Sometimes a phrase is indicative of a deep commitment. One such phrase is found in Section 7 of the Australian Constitution, which stipulates that Australian Senators will be "directly chosen by the people". It is instructive to look at exactly what this phrase meant at the time of the framing of the Constitution and what it means today.
It is widely recognized that the framers of the Australian Constitution saw American democracy as an important model and a key notion in the United States Constitution is the idea of "the people" as supreme authority. We see the importance of "the people" in Section 7 of the Australian Constitution. However the framers of the Australian Constitution were also averse to the notion of delegating the choice of a representative. The framers of Australian Constitution identified both choice by the people and direct choice as related and crucial democratic notions, especially when it came to the election of Australian Senators.
Obviously the interpretation of any constitutional document is an evolving process and must include contemporary views. In recent times there has been a growing concern about the so-called democratic deficit, that is, the extent to which current forms of representative democracy give effect to the will of the people and the extent to which our democratic processes are controlled by party politics. In this context, the notion of having elected representatives directly chosen by the people, rather than by a political party or any other entity, is more important than ever. It is the people rather than political parties who ought to determine who is to be an elected representative.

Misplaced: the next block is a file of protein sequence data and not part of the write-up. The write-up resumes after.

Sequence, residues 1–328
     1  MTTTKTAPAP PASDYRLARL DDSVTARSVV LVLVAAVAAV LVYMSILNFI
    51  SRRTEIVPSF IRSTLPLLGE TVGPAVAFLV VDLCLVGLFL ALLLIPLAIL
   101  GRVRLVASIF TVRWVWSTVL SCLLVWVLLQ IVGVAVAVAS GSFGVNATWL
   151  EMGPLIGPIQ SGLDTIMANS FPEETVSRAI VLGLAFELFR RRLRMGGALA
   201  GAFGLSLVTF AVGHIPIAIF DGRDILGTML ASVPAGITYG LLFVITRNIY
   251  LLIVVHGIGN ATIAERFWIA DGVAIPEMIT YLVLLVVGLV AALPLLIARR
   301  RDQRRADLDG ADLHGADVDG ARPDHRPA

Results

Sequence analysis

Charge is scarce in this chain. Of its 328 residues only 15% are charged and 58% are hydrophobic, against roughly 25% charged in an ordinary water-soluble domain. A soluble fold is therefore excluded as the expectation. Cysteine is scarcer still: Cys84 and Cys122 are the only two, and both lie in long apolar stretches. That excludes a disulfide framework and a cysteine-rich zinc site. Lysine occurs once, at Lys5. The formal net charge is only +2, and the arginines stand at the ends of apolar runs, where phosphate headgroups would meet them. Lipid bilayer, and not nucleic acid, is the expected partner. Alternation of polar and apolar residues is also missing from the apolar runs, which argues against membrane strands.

Even for those who would insist upon a strict literalist interpretation of the Australian Constitution, the language of Section 7, dealing with the election of Senators, is quite clear. The "choice" to which the Section refers is clearly the act of voting, as is indicated when the Section indicates that the people of a state will vote as one electorate. "Directly" denotes without the intervention of a medium or agent. If one does have a form of intervention by any other medium or agent in the process of choosing a Senator, then one does not have a direct choice of a Senator by the people.